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How Can You Get Clinical Experience During COVID-19?


We’re now entering the third year of disruptions due to the COVID-19 coronavirus and the disease it causes. While widespread vaccination in some countries has helped reduce the severity of illness among the infected, the truth is that hospitals and health care facilities across the U.S. continue to be strained by the number of cases.

This strain is of greatest concern to practitioners and their patients. But it also impacts pre-medical students like you because of its impact on your clinical experience opportunities, which are a critical part of your development as a future medical professional (not to mention essential for your medical school application).

Shadowing and volunteering in health care settings is—by necessity—much more difficult than it used to be. Even if no new, more-infectious variants emerge, the backlog in procedures and treatments from the last two years could mean that it may be a long time before anything like normality returns. Still, there are options available even in these difficult times. Here are a few ideas for gaining clinical experience during COVID-19.

Volunteering Opportunities

Communities and community health organizations have shown ingenuity and resilience in finding ways to serve even during an infectious disease outbreak. You should be able to find opportunities to help health care organizations dealing with the pandemic in areas such as:

  • Vaccination or testing site steward
  • Vaccination or testing site data entry
  • Distributing test kits or PPE
  • Vaccine education outreach programs

You can also perform other types of outreach for vulnerable populations during this time: for example, you could be a virtual volunteer for senior citizens who are isolating, provide science tutoring for underserved high school students, work on a mental health crisis line, or make use of any fluency you have in another language to volunteer with vaccine outreach in an immigrant community.

If you’re currently in college, your pre-health advising or career advising services should be able to help you with leads on volunteering opportunities. If you’re a non-traditional student, try searching the websites for hospitals or health systems in your area—many will list volunteering opportunities somewhere on their sites. You can also look at working with national or international organizations such as the United Way, the Red Cross, Meals on Wheels, and more.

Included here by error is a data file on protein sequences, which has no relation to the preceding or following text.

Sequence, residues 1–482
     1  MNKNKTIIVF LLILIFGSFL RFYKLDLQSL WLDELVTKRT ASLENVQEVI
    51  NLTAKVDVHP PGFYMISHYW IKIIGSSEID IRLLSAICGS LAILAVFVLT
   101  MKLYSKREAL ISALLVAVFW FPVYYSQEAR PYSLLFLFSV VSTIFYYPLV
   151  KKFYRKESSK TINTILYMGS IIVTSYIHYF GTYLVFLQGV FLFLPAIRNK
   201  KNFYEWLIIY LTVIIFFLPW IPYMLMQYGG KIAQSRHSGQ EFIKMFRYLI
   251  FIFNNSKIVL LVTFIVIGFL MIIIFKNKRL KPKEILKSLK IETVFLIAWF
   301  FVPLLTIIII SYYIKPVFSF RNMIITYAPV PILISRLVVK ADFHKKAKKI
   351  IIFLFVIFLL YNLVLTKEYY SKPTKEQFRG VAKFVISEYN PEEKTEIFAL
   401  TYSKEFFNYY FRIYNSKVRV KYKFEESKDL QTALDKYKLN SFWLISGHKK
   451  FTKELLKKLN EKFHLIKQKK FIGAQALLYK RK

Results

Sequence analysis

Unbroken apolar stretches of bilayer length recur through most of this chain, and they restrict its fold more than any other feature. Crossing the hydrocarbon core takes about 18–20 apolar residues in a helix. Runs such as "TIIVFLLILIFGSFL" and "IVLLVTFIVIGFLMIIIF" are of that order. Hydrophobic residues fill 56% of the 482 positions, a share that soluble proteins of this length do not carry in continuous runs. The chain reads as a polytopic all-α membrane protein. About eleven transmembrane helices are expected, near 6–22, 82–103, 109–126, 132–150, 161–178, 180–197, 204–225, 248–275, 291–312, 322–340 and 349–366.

Telehealth Shadowing

Physicians do not need extra bodies in their offices right now. That’s why they’ve moved many patient consultations to telehealth settings. According to a July 2021 report by McKinsey & Company, practitioners are conducting 38 times more telehealth visits than they were pre-pandemic.

It may be possible for pre-med students to shadow on some of these visits, which not only means gaining insight into the role of physicians—it also means shadowers can see how to manage patient contact in the virtual setting, which is likely to be a much more routine part of medical care in years to come. A number of colleges and independent medical education organizations offer access to virtual shadowing opportunities—a Google search can help you find those sites.

Virtual Scribing

Medical scribing (charting interactions between doctors and patients as they are happening) is a popular option for gaining clinical experience. It’s now possible to complete this work remotely, although usually from a HIPAA-secure site within a hospital or office rather than from home.

We performed a search on LinkedIn in January 2022 that returned more than 46,000 virtual medical scribe opportunities available across the U.S. If scribing interests you as a clinical experience option, you should still be able to find roles.

Virtual Research/ Data Reviews

During the early months of the pandemic, many medical labs shut down completely. Some have resumed operation; others may still be shut. If gaining clinical research experience is a major concern for you, it’s possible you may struggle. However, virtual options do exist. You could participate in chart review research for a physician, perform data entry, data analysis, or simulations for a lab, or conduct surveys or interviews on behalf of researchers.

Professional Certification

Another way to gain clinical experience is to take a short-term course to gain certification in a health care support role. Even before the pandemic, many pre-meds worked as emergency medical technicians (EMTs). You can still pursue this option or look into other roles such as phlebotomy. Many community and career colleges offer these training programs, which typically only last a few months.

Complete a Post-Bacc Program

If you continue to struggle with finding—or fitting in—clinical experience while the pandemic continues, consider pursuing a pre-med post-bacc program after graduation. Even if you have a strong GPA, the additional structure, support, and access to contacts post-bacc programs offer can help you gain additional experience you weren’t able to access during the pandemic. Look for programs that emphasize research and clinical opportunities for their students, and then research them in our online post-bacc database.

Finally, don’t panic: the pandemic will eventually be under control, and you will be able to get into medical school with the right effort. Good luck!

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